Photo by Darcie Boschee

Complete Diana Henry recipe index

Diana Henry

Attention Diana Henry fans - we're excited to announce that we've just completed indexing all of her recipes, 2,851 in total! This includes all of Diana's cookbooks from Crazy Water, Pickled Lemons to A Change of Appetite, every recipe in her Sunday Telegraph columns, every magazine recipe, and recipes found on her website. The Sunday Telegraph recipes are indexed as a blog that can be added to your Bookshelf. (Please note that the Sunday Telegraph only allows you to view 20 articles a month for free. To get more articles you must subscribe; it's £1.99 per month for unlimited web and phone access.)

Diana's cookbooks are popular with EYB members, and it's no wonder. Her first book, Crazy Water, Pickled Lemons, was shortlisted for a Glenfiddich Award for best cookbook. Her sixth book, Food From Plenty, was shortlisted for both the André Simon Award and the Guild of Food Writers Award for Cookbook of the Year. Her seventh book, Salt Sugar Smoke, was shortlisted for the Fortnum & Mason Award and The Guild of Food Writers Award for Cookbook of the Year. Fortnum & Mason named her Food Writer of the Year in 2013 and the Guild of Food Writers have named her Cookery Journalist of the Year twice.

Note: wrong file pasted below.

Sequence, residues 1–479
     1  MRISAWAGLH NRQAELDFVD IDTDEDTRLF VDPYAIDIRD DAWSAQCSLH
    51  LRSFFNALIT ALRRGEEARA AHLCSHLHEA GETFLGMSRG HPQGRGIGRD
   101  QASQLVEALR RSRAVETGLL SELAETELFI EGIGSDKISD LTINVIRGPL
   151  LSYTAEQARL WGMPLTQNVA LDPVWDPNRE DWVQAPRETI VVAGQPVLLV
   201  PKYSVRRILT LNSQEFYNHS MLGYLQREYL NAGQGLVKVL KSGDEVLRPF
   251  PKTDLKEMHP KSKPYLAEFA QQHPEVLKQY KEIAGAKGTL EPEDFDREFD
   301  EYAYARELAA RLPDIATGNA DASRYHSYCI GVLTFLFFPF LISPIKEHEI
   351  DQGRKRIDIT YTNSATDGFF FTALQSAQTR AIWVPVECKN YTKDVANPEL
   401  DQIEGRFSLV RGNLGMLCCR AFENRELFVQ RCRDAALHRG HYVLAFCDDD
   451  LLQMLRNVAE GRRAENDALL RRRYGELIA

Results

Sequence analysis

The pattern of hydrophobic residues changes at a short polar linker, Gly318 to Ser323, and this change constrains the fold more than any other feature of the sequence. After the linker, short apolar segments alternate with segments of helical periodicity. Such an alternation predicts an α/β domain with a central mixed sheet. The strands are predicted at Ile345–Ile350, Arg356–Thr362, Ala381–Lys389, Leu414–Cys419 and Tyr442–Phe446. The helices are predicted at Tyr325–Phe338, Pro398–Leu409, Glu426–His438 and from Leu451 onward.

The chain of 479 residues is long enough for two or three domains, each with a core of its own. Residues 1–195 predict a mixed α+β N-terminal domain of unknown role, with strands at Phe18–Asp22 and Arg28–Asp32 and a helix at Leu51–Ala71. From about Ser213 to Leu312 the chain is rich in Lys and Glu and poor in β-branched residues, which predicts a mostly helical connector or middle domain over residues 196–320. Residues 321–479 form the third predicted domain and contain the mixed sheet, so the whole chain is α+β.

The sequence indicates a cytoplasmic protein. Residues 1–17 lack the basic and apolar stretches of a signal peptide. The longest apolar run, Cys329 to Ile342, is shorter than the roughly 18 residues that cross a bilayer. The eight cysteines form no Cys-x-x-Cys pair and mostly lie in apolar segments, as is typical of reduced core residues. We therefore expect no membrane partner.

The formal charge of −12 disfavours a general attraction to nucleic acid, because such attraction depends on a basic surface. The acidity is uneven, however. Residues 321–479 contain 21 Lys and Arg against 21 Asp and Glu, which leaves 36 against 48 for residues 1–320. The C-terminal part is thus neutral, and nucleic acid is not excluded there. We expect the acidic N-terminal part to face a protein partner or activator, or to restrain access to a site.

If you're new to Diana's recipes and want to learn more, you can visit the EYB Forum, where several members have been cooking along with Diana Henry recipes. Many recipes also feature notes from those who've tried them. You can also read an excerpt from Diana's blog about the process involved in creating the cookbook - a must read for anyone who loves cookbooks.

Diana joins Mark BittmanRose Levy Beranbaum and Clotilde Dusoulier in having a complete recipe index on EYB.

Behind the scenes with a cookbook editor